note to self

Do not read stories about abused animals at work.
Jasmine has come far, but she still has many fears. Around people she almost always walks with her head and tail down. She won't let anyone approach her from behind, and she spends most of the day in her pen, sitting quietly, the open door yawning before her. Stirling works with her endlessly. "I feel like what I do for her is so little compared with what she does for me," she says, welling up.

. . . .

"I used to think any dog could be rehabbed if you gave it food, exercise and love," she says, "but I know now it's not totally true. Jasmine's happy, but she'll never be like other dogs."

That was our Buster.

My older post about this is here.

thoughts on naomi klein's shock doctrine

As I mentioned, I'm finally reading Naomi Klein's The Shock Doctrine. It's an excellent and important book, and my glacial reading pace is in no way attributable to Klein's writing, which is always lively and very accessible.

I'm learning a lot, especially about events that happened during my lifetime but of which I was only dimly aware, or aware of only through mainstream reports.

I'm finding it enormously depressing. I'm sure it isn't Klein's intentions to make her readers feel there is no hope of the majority of the world's peoples achieving real economic justice. But reading this book is making me feel hopeless and helpless.

Learning how the most successful people's movements of our lifetimes were hijacked by the hypercapitalist freemarketeers is just crushing.

I especially felt this when reading about South Africa. Divestment from the apartheid regime in South Africa was the burning issue on US college (university) campuses when I was in school. Divestment was my first real activism, apart from the anti-war and civil rights marches I attended as a child with my father. The end of apartheid has remained my clearest sense of the possibility of change, because it was the singular event I witnessed in my lifetime. Nelson Mandela's release from prison and his presidency were a dream come true for hundreds of millions of people all over the world. I was one of them.

I knew that with political justice realized, the dream of real justice - land redistribution, nationalized mines - was derailed. I know that there remains brutal inequality in South Africa, that the black majority remains very poor. But I never knew why or how that happened. While The Freedom Charter was being assassinated, my attention was elsewhere. And there was no internet. Unless you read The Nation every week (and I didn't), you couldn't keep up on the inner workings of a distant counter-revolution.

The other horror for me to read about was Poland. I remember wearing my Solidarnosc t-shirt, and thrilling to Lech Walesa leading a truly democratic worker's revolution. And then... capitalism in the extreme.

Why did the dreams die? Who killed them? Global capitalism didn't prevail because it was the best choice for the most people. It didn't triumph because the people demanded it. Why did the leadership of these countries - so recently liberated, and so full of hope - adopt a system that would lock most of its people into lifelong poverty?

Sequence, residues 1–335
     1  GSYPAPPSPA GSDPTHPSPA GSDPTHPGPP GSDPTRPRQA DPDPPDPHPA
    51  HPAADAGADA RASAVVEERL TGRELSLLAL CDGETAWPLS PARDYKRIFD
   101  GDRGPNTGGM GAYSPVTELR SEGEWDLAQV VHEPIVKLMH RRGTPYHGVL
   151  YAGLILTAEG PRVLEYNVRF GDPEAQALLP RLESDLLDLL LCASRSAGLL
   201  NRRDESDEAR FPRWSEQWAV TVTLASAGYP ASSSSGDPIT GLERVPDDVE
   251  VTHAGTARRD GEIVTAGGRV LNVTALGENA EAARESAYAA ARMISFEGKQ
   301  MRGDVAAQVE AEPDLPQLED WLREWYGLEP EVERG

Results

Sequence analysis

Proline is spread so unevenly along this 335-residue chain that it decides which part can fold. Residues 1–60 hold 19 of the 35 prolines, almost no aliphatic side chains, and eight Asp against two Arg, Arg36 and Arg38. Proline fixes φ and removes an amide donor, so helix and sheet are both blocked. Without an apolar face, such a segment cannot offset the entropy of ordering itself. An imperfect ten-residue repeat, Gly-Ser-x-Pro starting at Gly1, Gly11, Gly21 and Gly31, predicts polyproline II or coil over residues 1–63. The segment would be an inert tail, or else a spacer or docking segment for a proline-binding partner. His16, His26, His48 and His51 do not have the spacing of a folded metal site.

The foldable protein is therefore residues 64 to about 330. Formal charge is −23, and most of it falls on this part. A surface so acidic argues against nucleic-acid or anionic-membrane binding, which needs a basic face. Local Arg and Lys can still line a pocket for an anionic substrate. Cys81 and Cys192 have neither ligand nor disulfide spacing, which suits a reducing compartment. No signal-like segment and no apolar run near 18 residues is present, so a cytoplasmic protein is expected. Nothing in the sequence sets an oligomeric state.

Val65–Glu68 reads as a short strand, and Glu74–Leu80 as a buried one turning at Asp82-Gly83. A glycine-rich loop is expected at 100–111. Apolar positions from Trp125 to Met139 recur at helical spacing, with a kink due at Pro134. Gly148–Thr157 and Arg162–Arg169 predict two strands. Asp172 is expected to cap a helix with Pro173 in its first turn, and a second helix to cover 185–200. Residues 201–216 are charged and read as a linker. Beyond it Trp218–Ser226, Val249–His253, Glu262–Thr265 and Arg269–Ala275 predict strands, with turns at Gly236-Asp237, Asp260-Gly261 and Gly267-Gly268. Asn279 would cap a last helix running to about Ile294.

Yesterday, reading The Shock Doctrine, I learned the answers.

The brilliant thing about the book is Klein's framework, the context in which she places dozens of disparate events.

The horrible thing is how it's making me despair. The majority of the world toils in factories, fields, mines and shops, living on the edge of poverty, while giant multinational corporations reap the profits of their labour, and control access to the food, water and fuel that should be their birthright.

Oppressive regimes can be toppled, at great cost. But real justice remains a dream.

chris jordan photographic arts

Check out Chris Jordan Photographic Arts. From "Running the Numbers - An American Self-Portrait":
Running the Numbers looks at contemporary American culture through the austere lens of statistics. Each image portrays a specific quantity of something: fifteen million sheets of office paper (five minutes of paper use); 106,000 aluminum cans (thirty seconds of can consumption) and so on. My hope is that images representing these quantities might have a different effect than the raw numbers alone, such as we find daily in articles and books. Statistics can feel abstract and anesthetizing, making it difficult to connect with and make meaning of 3.6 million SUV sales in one year, for example, or 2.3 million Americans in prison, or 32,000 breast augmentation surgeries in the U.S. every month.

This project visually examines these vast and bizarre measures of our society, in large intricately detailed prints assembled from thousands of smaller photographs. Employing themes such as the near versus the far, and the one versus the many, I hope to raise some questions about the roles and responsibilities of the individual in a society that is increasingly enormous, incomprehensible, and overwhelming.

Go here and scroll through. Kind of amazing.


world's first openly gay national leader

This week, when Johanna Sigurdardottir is sworn in as Prime Minister of Iceland, she will become the world's first openly gay national leader.